Nevertheless, Sliwa made hay out of the supposed gun score in interviews on conservative talk radio the next morning. “Our neighborhood [the Upper West Side] has become a shootout at the A-OK Corral,” he said on the Bernie & Sid Show on WABC. It doesn’t matter that the numbers don’t quite bear that out (There have been zero murders in the 82nd Precinct, where Sliwa said he found the gun, and two shootings so far this year—down from one murder and two shootings last year, NYPD data shows). The messaging in those law-and-order riffs is clear: New York is on the brink of Fear City.

But Sliwa can, in fact, discuss the Big Apple with optimism. His kids are living in nice homes with their mothers, he said. He looks forward to riding the subway and enjoys meeting new people every day.

“The city revives me because I look out and see all the things I could do to make this city better. I’ve never had this desire to leave New York City,” he said, echoing a slogan— “Improve. Don’t Move”—that appears on signs decorating his campaign office.

Sliwa’s own ideas for improving the city: He wants to build supportive housing in old office buildings. He wants to capitalize on cryptocurrency (though he himself isn’t holding any coin: “I can’t afford cryptocurrency. Look at where I live. I own nothing,” he said. “But I do realize it’s coming.”) And he wants to force private universities and hospitals exempt from local property taxes to start paying up.

Sliwa also wants more cops on the streets and a renewed emphasis on broken windows policing. “I think zero tolerance is going away, quality of life initiatives are going away, broken windows is going away,” he said. But he denounces a hallmark of that era, the stop and frisk policy that resulted in the profiling, harassment and alienation of hundreds of thousands of Black and Latino boys and men.

READ MORE: In Advocating ‘Precision Policing,’ Eric Adams Embraces a Term Police Critics Have Targeted

Other ideas seem to contradict the “Improve. Don’t Move” concept. Sliwa says he wants to send homeless New Yorkers to rural areas outside of New York City and recreate a “Camp LaGuardia”-type program for families living in shelters. Children experiencing homelessness and other low-income kids would benefit from opportunities to live far outside the city, he said.

“I think in many instances we’ve gotta get people out of the inner city because of the temptations,” he said. Wealthy people can choose to leave, he argues. “ Poor and impoverished people have no options. Where are they going to send their children?”

Two days earlier, the New York Times Magazine published a feature on the experience of a young homeless woman from Brooklyn who had attended a Pennsylvania school that seemed to mirror Sliwa’s vision. The young woman, Dasani, was first profiled eight years ago, her life illustrating the “Tale of Two Cities” concept that candidate Bill de Blasio campaigned on. The article by journalist Andrea Elliot, based on a forthcoming book, depicted the challenge of navigating new, strikingly different terrain while separated from loved ones back home—suggesting that an abrupt move may not be the panacea for addressing homelessness and related issues that Sliwa, and many others, think it is.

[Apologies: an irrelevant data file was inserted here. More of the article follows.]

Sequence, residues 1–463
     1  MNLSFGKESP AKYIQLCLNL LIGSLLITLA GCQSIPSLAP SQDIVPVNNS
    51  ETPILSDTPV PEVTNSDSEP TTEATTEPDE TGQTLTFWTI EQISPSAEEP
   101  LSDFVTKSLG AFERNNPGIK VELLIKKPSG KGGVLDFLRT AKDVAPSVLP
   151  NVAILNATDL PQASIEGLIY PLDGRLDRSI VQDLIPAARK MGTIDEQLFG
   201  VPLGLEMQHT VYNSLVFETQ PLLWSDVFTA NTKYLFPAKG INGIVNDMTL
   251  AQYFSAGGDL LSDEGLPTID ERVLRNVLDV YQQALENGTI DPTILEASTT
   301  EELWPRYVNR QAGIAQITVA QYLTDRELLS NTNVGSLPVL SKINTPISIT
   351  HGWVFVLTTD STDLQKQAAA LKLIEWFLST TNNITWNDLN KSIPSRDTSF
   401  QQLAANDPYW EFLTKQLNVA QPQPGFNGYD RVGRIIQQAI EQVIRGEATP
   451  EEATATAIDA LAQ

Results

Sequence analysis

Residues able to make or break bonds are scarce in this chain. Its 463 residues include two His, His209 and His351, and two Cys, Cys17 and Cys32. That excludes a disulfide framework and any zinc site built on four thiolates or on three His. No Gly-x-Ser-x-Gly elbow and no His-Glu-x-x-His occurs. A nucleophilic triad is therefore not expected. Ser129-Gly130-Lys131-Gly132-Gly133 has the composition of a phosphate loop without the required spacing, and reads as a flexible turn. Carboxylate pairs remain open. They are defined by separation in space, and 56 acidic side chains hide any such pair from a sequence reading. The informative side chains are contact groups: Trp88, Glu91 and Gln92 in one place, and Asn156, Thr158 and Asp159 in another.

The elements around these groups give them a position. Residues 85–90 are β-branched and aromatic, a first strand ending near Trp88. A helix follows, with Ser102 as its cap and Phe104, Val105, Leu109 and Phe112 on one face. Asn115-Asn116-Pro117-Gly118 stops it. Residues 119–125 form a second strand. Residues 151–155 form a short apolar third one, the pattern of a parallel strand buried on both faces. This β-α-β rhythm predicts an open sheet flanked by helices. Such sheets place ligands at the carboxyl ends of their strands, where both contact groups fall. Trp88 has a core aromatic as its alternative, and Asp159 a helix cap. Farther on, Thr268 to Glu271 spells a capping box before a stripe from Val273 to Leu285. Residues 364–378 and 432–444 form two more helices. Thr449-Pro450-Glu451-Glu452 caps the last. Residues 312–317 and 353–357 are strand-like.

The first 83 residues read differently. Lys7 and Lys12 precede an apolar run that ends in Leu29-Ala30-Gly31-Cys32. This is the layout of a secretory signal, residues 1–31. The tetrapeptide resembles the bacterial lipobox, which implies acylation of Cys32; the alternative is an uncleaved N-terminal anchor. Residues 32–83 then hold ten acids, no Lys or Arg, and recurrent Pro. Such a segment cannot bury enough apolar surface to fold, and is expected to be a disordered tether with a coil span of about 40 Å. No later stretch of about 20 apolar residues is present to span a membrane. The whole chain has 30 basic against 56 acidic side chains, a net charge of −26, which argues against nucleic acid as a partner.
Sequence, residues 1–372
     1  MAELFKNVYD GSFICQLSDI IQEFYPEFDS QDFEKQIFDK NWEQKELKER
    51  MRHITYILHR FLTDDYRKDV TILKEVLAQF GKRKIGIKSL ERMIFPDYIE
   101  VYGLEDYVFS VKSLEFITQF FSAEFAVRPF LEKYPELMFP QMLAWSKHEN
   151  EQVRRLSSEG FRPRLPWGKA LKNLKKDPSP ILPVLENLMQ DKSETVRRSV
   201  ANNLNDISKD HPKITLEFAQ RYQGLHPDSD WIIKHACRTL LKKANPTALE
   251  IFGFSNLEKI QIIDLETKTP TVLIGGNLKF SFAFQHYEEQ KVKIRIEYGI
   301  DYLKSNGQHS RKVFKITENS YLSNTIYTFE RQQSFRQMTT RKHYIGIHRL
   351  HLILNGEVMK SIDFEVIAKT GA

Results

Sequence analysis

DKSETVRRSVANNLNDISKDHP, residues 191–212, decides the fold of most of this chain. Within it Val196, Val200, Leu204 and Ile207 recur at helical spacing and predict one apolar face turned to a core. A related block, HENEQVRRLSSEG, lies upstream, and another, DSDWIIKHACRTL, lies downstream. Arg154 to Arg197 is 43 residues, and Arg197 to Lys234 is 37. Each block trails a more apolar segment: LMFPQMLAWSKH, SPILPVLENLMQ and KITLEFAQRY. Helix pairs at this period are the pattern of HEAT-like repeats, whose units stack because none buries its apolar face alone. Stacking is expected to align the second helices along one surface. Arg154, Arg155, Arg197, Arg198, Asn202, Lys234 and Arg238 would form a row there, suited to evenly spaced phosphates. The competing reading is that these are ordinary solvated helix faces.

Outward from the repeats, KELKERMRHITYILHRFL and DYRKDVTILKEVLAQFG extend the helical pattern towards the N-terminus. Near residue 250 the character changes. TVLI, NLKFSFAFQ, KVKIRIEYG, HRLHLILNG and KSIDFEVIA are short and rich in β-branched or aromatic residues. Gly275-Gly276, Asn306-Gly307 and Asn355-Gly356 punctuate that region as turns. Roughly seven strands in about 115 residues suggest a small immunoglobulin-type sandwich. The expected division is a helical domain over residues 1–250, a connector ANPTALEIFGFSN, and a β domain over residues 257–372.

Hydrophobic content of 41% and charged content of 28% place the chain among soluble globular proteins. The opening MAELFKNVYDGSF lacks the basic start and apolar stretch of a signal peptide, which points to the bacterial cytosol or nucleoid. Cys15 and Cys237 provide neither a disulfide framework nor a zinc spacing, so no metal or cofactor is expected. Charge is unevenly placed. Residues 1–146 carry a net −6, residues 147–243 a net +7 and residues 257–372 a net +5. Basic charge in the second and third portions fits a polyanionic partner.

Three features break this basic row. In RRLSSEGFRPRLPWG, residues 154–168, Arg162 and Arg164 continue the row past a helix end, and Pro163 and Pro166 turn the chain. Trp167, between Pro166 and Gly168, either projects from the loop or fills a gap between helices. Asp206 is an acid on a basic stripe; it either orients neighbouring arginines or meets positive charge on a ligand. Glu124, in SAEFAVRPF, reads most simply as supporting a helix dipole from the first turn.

Sliwa said he had not read the article, and disputed a suggestion that shipping poor people out of the city seems to contradict his campaign slogan.

“When wealthy people have problems with their kids, what do they do, they get them out of here, let them go bucking broncos in Montana, a Swiss chalet in Switzerland, because you understand you gotta get them out of that environment,” he said. “Donald Trump? Sent to New York Military Academy. John Gotti Jr., sent to New York Military Academy. Why? Because their fathers had no control of their sons.”

Those examples were notable coming from Sliwa. He hates both men.

About 15 years ago, Gotti Jr. stood trial for allegedly trying to murder him. He was acquitted. Trump, the ex-president impeached for inciting a deadly far right insurrection and the soul of the modern Republican Party, has never earned Sliwa’s support. The GOP candidate for mayor still considers himself a Never Trumper.

That stance has threatened to turn off members of New York City’s weak Republican Party. But Sliwa says he doesn’t care. “I’ve been an independent all my life,” he said. “I’ve shared some Democratic values. I’ve shared some Republican values.”

And he would have remained chair of the Reform Party if “Andrew ‘Evil Eyes’ Cuomo, with his desire for vengeance” against the Working Families Party, had not orchestrated a rule change forcing third parties to reach a higher vote threshold every two years to secure a ballot line in future elections.

“I was happy to be chairman of the New York State Reform Party because I was dealing with Democrats and Republicans and mostly Independents and we weren’t controlled by either major party,” Sliwa said.